Tanzania’s journey toward progress has been steered by visionary strategies intended to catapult the nation into economic, social, and infrastructural advancement.
As the government initiated the process of crafting the Tanzania Vision 2050 earlier this year, a crucial question arose: How can the youth actively participate in shaping this vision?
The youth will contribute to and benefit from the 2050 Tanzania Development Vision. We draw from historical milestones and the transformative role that youth-focused initiatives have played in shaping previous visions.
Tanzania’s voyage towards development traces its origins back to the pre-independence era, an epoch defined by British colonial rule. The absence of formalised development blueprints during this era stands in stark contrast to the subsequent chapters in the nation’s story.
The post-independence era, under the stewardship of President Julius Nyerere, ushered in the Arusha Declaration in 1967, spotlighting self-reliance and collective collaboration.
Pivotal developmental frameworks, including the First and Second Five-Year Plans (1964-1969 and 1970-1975), trained their focus on pivotal sectors such as agriculture, education, and infrastructure.
The 1980s witnessed a pivot toward market-oriented reforms, an effort to navigate economic hardships that paved the way for structural adjustment programs (SAPs) under the aegis of international financial institutions.
This alignment directed resources towards poverty reduction, education, healthcare, and infrastructure.
Vision 2025 emerged in 1999 as a beacon, striving to elevate Tanzania into a middle-income nation by bolstering economic growth, reducing poverty, fostering good governance, and achieving self-sufficiency in food production.
While every developmental vision championed its unique focal points, the inaugural visions of the 1960s were innately youth-centric.
The very composition of the government in the early post-independence era comprised a substantial youth demographic. Pius Msekwa, for example, served as the Vice Chairperson of the National Electoral Commission between 1962 and 1980, a role he served when he was just 27.
These youthful initiatives aptly illustrated the untapped potential of fresh perspectives and innovative strategies in tackling development complexities.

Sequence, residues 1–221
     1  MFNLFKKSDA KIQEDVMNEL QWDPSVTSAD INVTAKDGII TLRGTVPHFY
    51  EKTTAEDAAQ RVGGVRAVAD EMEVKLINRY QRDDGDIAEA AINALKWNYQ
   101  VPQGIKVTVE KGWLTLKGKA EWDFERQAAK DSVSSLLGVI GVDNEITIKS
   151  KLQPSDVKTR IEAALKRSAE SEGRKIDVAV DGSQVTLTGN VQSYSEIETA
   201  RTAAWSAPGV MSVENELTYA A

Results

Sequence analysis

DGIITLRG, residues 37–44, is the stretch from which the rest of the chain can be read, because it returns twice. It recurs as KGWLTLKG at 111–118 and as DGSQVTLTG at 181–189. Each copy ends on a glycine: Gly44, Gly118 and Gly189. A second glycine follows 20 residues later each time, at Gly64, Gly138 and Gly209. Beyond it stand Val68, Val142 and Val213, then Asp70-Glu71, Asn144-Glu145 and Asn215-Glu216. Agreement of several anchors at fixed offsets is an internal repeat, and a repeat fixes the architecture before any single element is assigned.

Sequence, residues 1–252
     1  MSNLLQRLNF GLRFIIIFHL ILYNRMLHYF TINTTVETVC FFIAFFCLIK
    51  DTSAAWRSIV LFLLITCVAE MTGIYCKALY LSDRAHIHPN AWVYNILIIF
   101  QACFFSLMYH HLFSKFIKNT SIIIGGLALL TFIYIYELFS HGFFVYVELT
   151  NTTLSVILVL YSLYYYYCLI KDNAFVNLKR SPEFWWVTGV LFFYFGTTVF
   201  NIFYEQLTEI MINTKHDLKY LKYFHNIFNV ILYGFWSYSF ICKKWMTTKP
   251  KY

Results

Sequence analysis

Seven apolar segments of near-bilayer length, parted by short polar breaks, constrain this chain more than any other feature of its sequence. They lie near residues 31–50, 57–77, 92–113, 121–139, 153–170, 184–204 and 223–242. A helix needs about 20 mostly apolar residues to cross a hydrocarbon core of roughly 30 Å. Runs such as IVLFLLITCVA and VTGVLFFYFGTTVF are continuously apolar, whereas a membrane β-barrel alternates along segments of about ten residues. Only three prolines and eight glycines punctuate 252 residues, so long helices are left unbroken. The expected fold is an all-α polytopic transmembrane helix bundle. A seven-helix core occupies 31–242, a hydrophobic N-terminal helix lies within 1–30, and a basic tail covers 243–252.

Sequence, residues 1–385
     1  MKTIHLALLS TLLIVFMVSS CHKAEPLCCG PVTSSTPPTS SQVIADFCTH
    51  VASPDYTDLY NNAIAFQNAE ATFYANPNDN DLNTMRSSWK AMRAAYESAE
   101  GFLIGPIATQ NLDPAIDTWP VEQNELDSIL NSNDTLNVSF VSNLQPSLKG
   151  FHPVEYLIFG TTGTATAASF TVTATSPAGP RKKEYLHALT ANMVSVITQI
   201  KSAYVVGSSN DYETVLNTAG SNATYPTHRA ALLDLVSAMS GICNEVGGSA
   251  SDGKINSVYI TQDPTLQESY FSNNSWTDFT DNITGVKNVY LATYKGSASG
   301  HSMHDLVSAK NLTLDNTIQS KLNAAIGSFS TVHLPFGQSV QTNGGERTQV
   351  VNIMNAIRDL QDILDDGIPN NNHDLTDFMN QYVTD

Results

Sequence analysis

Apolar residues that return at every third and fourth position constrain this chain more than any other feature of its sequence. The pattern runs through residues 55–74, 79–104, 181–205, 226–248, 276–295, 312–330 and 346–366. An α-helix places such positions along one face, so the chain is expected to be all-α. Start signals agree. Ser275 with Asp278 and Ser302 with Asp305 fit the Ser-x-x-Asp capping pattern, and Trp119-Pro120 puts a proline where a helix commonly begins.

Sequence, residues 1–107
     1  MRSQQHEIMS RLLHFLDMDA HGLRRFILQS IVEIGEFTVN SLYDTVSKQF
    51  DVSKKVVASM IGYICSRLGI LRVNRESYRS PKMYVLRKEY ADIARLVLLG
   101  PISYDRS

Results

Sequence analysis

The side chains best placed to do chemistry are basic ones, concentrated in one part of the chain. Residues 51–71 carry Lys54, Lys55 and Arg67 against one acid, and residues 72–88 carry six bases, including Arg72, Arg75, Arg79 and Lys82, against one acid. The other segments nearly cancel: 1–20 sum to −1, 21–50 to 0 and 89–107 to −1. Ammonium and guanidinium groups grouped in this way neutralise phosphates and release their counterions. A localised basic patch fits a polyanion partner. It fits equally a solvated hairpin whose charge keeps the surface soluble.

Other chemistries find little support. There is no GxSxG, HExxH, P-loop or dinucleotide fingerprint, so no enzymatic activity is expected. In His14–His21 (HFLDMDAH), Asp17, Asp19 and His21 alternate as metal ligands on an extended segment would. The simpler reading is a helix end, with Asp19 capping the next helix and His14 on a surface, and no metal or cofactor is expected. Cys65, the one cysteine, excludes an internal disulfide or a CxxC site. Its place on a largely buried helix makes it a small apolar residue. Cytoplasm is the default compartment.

As Tanzania embarks on the blueprint for its 2050 Development Vision, integrating youth viewpoints takes centre stage.
In the present era, characterised by a burgeoning youth population, an exceptional opportunity materialises to harness their technological acumen, multifaceted outlook, and imaginative vigour.
A dedicated endeavour to involve young voices in the vision-formulating process stands poised to unearth groundbreaking solutions to intricate quandaries encompassing technological advancement, sustainable agriculture, and inclusive education.
Including a ‘Youth Novel Idea’ facet within the 2050 Vision Development Plan can spearhead transformative change.
This initiative could span the gamut of eliciting inventive submissions from young Tanzanians across diverse sectors—from technology and entrepreneurship to environmental preservation and societal growth.
The outcomes can be synthesised into pragmatic strategies that harmonise with the broader goals of the 2050 vision, ensuring resonance with the aspirations of the youth.
Varied avenues can be explored to gather and fathom novel youth ideas on Tanzania’s future. This may range from conducting a straightforward competition around ‘The Tanzania I Dream of in…’ to a more comprehensive endeavour where youth coalesce their visions into a consolidated document linked to ‘Ajenda ya Vijana.’
The youth-centred ethos of the early post-independence visions underpins the significance of assimilating inventive concepts from the youth demographic into the 2050 Development Vision.
By harnessing the vigour and ingenuity of its youthful citizens, Tanzania can surge ahead in the realm of sustainable development, sculpting a future that mirrors the values and aspirations of its people.
Ocheck Msuva is the Executive Director of Bridge For Change, a local NGO promoting the meaningful participation of youth in decision-making. He is available at firstname.lastname@example.org. These are the writer’s own opinions and do not necessarily reflect the viewpoints of The Chanzo. Do you want to publish in this space? Contact our editors at email@example.com for further inquiries.